From cooking metaphor to storm metaphor.  I could write for Hell’s Kitchen.

Stay tuned for Part 6: Un-Humor.


**LAUGH HERE NOW!

The Funny Thing About Humor Part 4: Instant Humor

This is Part 4 of my series on humor.

The previous three parts of this series looked at creating humor in a scene.  Now let’s look at instant humor, in other words, humor that you can create in an instantaneous.  (That was an inside joke, for people following my blog.)

First let’s look at gags.  Merriam Webster defines them as “a laugh-provoking remark or act”.  In other words, gags are the bits of slapstick, the pratfalls, the good natured pranks.  They could even be the one-liners, the clever puns, the side jokes.

They are quick to set up, they provoke a snort or a guffaw, and then they are gone.

On the upside, they are easy to write if you have any sense of humor at all.  On the downside, they tend to be forgettable and are generally short-lived.  Even the best gags are hard to sustain for more than a page or two.  If you have too many gags too fast you will ruin your story.

But wait! you cry.  What about The Three Stooges?   What about Airplane!?  What about Spaceballs?  What about Scary Movie?  What about…?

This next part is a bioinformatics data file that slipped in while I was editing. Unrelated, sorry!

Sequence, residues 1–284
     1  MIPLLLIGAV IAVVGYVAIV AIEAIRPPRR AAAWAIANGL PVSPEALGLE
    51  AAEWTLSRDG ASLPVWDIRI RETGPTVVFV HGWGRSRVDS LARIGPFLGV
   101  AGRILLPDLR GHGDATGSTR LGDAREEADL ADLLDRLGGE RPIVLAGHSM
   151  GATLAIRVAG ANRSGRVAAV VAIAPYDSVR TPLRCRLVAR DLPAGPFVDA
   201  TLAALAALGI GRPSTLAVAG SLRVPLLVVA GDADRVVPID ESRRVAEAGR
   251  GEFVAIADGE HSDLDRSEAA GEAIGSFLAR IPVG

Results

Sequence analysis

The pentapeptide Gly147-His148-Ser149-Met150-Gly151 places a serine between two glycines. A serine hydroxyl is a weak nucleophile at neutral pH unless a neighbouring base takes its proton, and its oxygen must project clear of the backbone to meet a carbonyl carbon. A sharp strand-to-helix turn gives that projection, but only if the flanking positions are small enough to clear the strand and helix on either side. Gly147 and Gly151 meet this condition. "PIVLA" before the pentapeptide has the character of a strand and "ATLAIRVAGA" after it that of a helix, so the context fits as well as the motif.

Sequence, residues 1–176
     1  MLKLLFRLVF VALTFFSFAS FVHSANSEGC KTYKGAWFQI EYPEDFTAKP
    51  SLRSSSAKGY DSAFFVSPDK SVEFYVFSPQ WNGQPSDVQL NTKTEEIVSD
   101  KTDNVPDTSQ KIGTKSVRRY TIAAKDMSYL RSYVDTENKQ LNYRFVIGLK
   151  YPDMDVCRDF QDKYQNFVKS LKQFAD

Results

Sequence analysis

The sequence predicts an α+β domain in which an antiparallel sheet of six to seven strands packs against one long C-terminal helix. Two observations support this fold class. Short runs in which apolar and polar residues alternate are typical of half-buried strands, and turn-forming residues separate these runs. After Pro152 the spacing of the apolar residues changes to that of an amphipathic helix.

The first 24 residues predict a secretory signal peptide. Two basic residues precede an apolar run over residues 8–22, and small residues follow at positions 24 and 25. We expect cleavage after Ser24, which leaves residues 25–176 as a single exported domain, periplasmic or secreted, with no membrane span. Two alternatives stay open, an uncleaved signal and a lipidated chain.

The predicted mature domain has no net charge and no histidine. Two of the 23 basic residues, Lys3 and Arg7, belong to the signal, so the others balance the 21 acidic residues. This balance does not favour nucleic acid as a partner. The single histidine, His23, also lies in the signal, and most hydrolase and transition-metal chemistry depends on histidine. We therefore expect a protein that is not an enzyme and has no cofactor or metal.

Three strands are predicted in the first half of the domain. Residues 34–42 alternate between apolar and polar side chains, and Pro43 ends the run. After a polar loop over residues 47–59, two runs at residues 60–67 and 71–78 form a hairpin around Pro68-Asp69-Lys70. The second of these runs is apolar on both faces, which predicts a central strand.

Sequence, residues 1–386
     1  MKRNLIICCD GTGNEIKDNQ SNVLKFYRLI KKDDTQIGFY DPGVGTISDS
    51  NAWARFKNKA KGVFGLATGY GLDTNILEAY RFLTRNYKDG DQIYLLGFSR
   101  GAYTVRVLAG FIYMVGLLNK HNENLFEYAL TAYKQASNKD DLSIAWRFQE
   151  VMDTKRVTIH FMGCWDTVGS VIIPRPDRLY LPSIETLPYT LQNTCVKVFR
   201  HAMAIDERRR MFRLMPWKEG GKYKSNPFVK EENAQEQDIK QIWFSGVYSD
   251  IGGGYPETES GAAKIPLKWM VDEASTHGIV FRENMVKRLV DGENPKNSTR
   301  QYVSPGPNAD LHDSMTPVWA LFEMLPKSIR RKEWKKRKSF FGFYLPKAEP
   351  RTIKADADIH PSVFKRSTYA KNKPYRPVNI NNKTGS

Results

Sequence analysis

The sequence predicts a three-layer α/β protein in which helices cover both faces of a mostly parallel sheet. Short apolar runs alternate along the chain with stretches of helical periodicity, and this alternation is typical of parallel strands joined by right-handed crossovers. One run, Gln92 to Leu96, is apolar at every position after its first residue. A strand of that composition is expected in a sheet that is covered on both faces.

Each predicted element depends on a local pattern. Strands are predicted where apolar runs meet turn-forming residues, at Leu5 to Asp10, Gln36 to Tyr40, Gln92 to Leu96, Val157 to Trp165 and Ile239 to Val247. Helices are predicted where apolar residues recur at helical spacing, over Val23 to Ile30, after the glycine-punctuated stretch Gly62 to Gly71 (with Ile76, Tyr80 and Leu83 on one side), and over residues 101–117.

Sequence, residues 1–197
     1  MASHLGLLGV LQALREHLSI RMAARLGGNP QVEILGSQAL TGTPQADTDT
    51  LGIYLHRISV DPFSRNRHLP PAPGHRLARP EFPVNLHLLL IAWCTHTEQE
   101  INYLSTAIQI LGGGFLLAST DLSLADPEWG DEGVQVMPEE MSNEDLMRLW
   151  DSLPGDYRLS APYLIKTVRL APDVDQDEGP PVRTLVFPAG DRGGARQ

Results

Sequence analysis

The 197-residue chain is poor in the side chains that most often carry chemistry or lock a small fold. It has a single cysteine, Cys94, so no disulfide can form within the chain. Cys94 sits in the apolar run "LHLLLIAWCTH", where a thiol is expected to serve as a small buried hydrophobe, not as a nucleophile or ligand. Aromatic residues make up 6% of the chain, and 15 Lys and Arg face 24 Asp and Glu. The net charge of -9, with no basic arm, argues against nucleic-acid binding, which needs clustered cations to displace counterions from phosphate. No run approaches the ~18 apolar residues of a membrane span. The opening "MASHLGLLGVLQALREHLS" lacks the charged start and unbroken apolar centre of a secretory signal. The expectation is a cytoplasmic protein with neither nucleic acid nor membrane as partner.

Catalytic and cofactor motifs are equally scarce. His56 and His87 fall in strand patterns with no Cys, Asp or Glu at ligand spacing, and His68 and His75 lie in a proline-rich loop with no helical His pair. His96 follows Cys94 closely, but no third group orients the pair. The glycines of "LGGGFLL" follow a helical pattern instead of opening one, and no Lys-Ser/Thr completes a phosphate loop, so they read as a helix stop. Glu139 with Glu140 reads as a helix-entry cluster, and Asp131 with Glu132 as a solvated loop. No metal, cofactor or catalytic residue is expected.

Yes, there are lots of movies that were non-stop gags, from the opening credits to the last few bars of the soundtrack.   The examples above were basically a series of gags with a skeleton of a plot to hang them on.  So what do you remember them for?  The plot, or that they were soooo funny?

See?  That’s my point.  Plus they spawned the inevitable mass of imitators, most of which fell flat.  (Did you know there were four, yes four, Scary Movies?  And there’s another one coming out??)

As another example, gags are the basis of live comedy.  Modern comics don’t tell you a story, they tell you jokes.  People go when they need a laugh, once in a while.  The rest of the time they want a story.

In fact, in yesteryear, comics like Newhart and Cosby did tell stories as part of their routines, but that style faded out decades ago.  However, everyone remembers Newhart’s rookie security guard and Cosby’s Noah and Fat Albert stories.  Who remembers all the jokes from Eddy Murphy’s Delirious? That’s my point, er, again.

Props can serve a similar function to gags.  Think of Steve Martin clowning around with an arrow through his head, or Gallagher with a mallet ready to obliterate a pile of watermelons, or Howie Mandel’s entire act.  With a funny prop, or a funny look for that matter, it takes no set up to get people laughing.